Why the US is skeptical of Saudi involvement in Syria

US intelligence officials have expressed doubts about the kingdom's capability.

Virginia Mayo/AP
Saudi Arabia's Defense Minister Mohammed bin Salman, front center, looks toward his delegation during a Counter-ISIL Coalition Ministerial meeting at NATO headquarters in Brussels on Thursday. Defense Secretary Ash Carter expects Thursday’s three-hour gathering of defense ministers from more than two dozen countries to endorse a new U.S. plan for prosecuting the war. The ministers were expected to issue a joint statement at the conclusion of their meeting at NATO headquarters

Amid an international campaign to fight Islamic State, also referred to as ISIS, Saudi Arabia this week announced its willingness to commit ground troops to the fight.

But the US Congress is skeptical of the Saudis' commitment to fight the Islamic State, largely because the kingdom’s pledge is contingent on the United States increasing its own commitment to send more Special Forces troops into Syria, according to US officials.

“I don’t know why the US has to make the first move on the chessboard,” said Sen. Tim Kaine (D) of Virginia, according to the Washington Post. “Whose region is this? And who has the principal responsibility with it? We want to be partners with nations in the region tackling their own terrorist threat, but the notion they will be producing only if we play the leadership role – it kind of makes me question, how did that get to be?”

Some US intelligence officials had expressed their doubts following Saudi Arabia's announcement, questioning their capability.

“I do not assess that the Saudi ground forces would have ... the capacity to take this fight on,” Vincent Stewart, director of the Defense Intelligence Agency, told the Senate Armed Services Committee, according to the Hill. “Whether they have the capacity to do both Yemen and something in Iraq-Syria is questionable for me."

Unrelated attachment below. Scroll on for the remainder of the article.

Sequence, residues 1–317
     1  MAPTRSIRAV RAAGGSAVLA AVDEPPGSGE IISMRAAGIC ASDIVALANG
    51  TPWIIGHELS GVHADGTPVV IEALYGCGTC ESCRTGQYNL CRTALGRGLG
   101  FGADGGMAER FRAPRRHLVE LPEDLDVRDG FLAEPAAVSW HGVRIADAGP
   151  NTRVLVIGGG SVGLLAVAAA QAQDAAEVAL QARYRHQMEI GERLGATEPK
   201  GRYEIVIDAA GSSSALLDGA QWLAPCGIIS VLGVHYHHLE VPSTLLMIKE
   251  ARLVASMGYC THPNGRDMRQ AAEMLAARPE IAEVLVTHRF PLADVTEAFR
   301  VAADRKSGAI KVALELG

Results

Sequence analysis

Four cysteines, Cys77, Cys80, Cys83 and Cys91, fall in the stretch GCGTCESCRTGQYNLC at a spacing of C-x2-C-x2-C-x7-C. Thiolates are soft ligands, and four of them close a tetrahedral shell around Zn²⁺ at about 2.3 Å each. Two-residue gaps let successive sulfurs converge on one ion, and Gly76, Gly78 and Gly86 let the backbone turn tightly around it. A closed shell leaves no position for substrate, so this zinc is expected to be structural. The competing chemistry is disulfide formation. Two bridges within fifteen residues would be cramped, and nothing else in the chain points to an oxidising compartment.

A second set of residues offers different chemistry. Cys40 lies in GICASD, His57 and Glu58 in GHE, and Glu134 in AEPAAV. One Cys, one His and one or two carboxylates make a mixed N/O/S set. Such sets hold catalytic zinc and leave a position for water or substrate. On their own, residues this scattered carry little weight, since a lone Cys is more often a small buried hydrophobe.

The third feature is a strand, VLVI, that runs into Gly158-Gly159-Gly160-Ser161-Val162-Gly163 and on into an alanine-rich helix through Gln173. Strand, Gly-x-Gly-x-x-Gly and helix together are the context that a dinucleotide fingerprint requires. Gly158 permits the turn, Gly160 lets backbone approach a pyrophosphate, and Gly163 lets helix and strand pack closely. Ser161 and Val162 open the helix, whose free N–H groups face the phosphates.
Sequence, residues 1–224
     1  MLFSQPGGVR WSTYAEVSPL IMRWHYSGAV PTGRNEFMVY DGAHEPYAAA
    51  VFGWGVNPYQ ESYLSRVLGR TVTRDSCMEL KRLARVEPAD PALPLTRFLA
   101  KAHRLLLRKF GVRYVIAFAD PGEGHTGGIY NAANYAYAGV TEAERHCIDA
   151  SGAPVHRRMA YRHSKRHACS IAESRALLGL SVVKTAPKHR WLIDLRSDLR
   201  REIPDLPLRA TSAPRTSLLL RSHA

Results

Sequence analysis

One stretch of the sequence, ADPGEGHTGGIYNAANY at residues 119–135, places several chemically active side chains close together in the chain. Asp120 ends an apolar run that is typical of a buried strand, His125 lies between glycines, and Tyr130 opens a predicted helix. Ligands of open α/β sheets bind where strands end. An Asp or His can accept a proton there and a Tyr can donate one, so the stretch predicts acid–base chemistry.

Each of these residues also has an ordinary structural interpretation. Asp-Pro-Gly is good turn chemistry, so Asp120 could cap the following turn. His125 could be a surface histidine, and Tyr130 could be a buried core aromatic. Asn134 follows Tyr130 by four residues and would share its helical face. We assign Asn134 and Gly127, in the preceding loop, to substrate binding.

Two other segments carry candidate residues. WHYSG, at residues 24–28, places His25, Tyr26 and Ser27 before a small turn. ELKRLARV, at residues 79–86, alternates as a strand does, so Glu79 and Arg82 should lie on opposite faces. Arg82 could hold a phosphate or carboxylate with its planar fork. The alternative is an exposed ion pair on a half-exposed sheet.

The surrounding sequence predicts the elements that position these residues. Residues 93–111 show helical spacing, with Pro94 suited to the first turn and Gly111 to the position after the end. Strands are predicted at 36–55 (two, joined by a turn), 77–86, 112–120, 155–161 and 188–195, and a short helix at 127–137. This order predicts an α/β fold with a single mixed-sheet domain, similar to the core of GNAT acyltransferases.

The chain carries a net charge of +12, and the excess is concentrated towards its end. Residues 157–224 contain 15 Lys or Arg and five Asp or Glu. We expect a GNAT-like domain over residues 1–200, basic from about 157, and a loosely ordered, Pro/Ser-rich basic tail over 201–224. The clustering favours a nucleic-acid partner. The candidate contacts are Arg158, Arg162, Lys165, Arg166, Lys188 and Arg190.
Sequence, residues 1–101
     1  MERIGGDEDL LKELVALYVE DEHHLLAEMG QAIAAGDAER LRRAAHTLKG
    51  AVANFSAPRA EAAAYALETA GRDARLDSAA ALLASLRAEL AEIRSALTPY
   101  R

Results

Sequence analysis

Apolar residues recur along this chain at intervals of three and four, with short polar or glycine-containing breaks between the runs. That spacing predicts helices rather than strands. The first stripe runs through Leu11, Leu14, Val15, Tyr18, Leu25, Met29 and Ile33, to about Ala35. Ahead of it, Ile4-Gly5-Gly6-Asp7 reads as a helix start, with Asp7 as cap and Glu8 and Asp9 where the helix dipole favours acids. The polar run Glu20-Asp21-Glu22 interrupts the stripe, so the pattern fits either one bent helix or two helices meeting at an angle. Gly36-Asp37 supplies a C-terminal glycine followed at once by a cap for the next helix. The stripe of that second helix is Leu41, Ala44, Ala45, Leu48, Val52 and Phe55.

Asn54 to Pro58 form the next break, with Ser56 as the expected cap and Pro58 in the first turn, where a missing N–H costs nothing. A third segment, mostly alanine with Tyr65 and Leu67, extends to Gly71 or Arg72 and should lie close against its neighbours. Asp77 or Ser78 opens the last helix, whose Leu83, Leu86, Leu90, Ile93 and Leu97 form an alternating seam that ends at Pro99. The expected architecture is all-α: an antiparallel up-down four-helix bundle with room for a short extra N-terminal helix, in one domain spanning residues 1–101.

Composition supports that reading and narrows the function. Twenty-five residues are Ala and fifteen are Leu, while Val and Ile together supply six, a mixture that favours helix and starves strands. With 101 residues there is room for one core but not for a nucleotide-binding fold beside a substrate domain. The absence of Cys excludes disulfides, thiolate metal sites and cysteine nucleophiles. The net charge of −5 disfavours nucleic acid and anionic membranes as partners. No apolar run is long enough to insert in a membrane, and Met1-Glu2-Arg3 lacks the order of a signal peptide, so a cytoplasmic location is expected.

“Saudi forces are bogged down in Yemen in a costly campaign against the Houthis that Riyadh is not prepared to abandon,” writes Aaron David Miller, a vice president at the Woodrow Wilson Center for Scholars, in a Wall Street Journal piece. “It is doubtful that the kingdom would deploy troops to Syria unless they were part of a broader Gulf or US effort.”

Mr. Miller tells the Christian Science Monitor via email, “the Saudis have long been more concerned about removing Iranian ally [Syrian President] Bashar Assad from power in Syria than they have been about directly fighting ISIS. Saudi leaders would be bitterly criticized at home if they deployed forces and were not seen as taking on the Assad regime, which has been viewed by Saudis and other Sunni Muslims as killing innocent Sunnis.”

Yet other analysts note that it may be in Saudi Arabia’s interests to commit its troops in Syria. Saudi Arabia has been a member of the US-led coalition that has been launching airstrikes against Islamic State in Syria since September 2014, but the Kingdom has limited its involvement to arming and supplying certain rebel groups in Syria.

But with the Syrian city of Aleppo now under siege from pro-government forces backed by Russia, the US is grappling to find a good strategy, and as the Washington Post reported, “Saudi Arabia’s commitment is potentially pivotal in securing the help of other nations.”

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